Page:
Colman Domingo on the Importance of 'Euphoria' and 'Ma Rainey' (Exclusive)
By Stacy Lambe
If there’s one performer who continues to surprise with every new project, it’s Colman Domingo. The 51-year-old actor not only leads Fear the Walking Dead, the AMC zombie apocalypse series he’s been on for the past six seasons, but has also made stunning appearances in both the HBO series, Euphoria, and the Netflix film adaptation of Ma Rainey’s Black Bottom.
It’s undoubtedly a long way from his days impersonating Maya Angelou on Logo’s Big Gay Sketch Show a decade ago. But for the multi-hyphenate performer, who has appeared in everything from Lincoln to the long-delayed Candyman sequel and has written for and performed on Broadway, it’s been a journey worth taking. “I’ve always been an artist that was concerned about moving forward,” Domingo tells ET, adding that while it hasn’t always been easy, he feels like “my name has been amplified, my work has been amplified and I feel like I’ve been discovered by many people.”
Now, Domingo’s getting attention like never before, earning critical acclaim for his recent on-screen performances including a supporting role as Cutler in Ma Rainey’s Black Bottom, the latest August Wilson play to get adapted for the screen.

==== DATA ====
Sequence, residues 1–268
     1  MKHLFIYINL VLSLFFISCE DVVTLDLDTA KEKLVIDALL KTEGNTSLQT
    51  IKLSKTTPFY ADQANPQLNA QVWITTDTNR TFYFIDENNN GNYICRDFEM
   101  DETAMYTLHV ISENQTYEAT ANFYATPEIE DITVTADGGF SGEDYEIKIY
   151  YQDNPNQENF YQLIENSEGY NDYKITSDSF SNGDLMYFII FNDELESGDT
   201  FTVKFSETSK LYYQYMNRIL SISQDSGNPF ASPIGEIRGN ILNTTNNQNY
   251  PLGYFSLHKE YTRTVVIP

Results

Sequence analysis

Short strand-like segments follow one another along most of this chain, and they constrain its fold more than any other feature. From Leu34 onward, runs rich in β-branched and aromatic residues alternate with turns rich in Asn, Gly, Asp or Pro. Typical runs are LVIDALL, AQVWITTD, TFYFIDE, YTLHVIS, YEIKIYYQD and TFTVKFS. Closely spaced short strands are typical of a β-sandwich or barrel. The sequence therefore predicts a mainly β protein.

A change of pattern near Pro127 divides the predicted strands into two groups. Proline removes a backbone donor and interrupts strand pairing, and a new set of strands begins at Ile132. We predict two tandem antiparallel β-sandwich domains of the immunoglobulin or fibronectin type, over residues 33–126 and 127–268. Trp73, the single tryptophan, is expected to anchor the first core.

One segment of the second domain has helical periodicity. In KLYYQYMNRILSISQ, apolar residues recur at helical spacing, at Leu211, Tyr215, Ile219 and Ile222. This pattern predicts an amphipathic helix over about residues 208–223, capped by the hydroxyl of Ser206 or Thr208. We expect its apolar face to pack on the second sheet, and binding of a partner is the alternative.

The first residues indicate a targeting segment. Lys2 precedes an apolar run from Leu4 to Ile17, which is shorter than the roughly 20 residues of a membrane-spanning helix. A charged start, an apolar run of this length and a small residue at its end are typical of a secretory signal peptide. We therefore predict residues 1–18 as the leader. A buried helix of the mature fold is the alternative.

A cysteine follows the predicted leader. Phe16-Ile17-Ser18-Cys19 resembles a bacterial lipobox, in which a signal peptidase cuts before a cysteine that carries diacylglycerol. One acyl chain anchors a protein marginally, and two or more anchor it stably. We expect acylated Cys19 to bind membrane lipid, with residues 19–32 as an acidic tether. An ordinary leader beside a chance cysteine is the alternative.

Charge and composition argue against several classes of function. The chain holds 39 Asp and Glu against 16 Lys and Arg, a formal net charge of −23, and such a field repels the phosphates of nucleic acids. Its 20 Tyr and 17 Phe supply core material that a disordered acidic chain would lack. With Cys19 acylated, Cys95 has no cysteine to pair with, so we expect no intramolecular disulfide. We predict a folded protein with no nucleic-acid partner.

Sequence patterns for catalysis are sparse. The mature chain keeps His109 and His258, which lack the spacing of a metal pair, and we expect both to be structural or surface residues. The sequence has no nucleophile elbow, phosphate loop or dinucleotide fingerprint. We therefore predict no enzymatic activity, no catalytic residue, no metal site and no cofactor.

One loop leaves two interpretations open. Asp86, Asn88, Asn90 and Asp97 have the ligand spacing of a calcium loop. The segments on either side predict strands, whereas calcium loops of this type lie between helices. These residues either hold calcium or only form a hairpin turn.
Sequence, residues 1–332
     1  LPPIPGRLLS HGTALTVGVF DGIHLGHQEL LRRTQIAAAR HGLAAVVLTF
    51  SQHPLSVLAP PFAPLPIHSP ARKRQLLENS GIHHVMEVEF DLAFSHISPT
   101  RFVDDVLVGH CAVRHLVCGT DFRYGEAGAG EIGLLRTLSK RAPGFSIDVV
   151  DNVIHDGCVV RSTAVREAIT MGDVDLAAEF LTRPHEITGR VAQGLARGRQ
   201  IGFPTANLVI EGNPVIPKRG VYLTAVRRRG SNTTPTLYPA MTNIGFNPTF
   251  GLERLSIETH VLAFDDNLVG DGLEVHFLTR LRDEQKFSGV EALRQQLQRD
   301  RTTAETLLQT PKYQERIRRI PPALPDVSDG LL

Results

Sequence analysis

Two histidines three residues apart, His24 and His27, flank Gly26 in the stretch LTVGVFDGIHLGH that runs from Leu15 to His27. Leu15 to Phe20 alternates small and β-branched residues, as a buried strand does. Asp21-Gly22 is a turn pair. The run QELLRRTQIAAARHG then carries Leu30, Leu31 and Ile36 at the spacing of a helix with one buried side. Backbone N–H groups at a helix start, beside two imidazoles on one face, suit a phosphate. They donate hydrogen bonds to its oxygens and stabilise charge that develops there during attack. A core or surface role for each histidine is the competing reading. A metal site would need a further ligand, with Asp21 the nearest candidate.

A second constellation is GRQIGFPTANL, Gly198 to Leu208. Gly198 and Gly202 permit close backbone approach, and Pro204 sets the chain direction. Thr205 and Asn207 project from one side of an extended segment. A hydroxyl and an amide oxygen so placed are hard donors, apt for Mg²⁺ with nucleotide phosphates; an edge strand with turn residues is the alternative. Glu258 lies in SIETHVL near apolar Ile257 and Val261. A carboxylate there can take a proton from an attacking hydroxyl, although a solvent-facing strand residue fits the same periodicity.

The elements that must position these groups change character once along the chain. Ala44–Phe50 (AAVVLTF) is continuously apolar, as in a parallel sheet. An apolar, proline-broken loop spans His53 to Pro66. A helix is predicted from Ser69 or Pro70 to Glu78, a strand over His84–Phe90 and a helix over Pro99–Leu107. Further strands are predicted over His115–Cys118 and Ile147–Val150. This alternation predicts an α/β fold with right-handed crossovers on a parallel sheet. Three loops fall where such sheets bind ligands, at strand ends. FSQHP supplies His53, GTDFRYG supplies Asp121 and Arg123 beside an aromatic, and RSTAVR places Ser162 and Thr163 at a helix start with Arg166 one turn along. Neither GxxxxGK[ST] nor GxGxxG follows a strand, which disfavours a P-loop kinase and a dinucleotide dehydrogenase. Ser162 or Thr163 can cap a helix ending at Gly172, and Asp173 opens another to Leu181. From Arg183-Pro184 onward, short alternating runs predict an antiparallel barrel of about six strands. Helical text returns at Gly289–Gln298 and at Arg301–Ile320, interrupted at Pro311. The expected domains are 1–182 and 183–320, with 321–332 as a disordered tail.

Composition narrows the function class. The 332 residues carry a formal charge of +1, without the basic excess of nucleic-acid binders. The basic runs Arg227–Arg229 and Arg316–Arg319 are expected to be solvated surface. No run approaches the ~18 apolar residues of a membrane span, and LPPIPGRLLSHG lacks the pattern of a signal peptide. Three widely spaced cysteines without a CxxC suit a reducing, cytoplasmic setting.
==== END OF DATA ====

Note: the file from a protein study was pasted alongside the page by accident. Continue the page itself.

Executive produced by Denzel Washington and directed by George C. Wolfe, Domingo plays one of the background musicians hired to play for legendary blues singer Ma Rainey (Viola Davis) during a long recording session one afternoon in 1920s Chicago. Over the course of the day, tempers flare and truths come out as trumpeter Levee (the late Chadwick Boseman) provokes his fellow musicians until they come to blows.
Serving as her proxy throughout tense negotiations between record producers and band members, “Cutler is the one character who truly understands Ma, which is why he’s the closest to her,” Domingo says. Ultimately, he acts as a buffer, absorbing the punches from both sides while trying to make sure everyone is heard, the records are made and people get paid.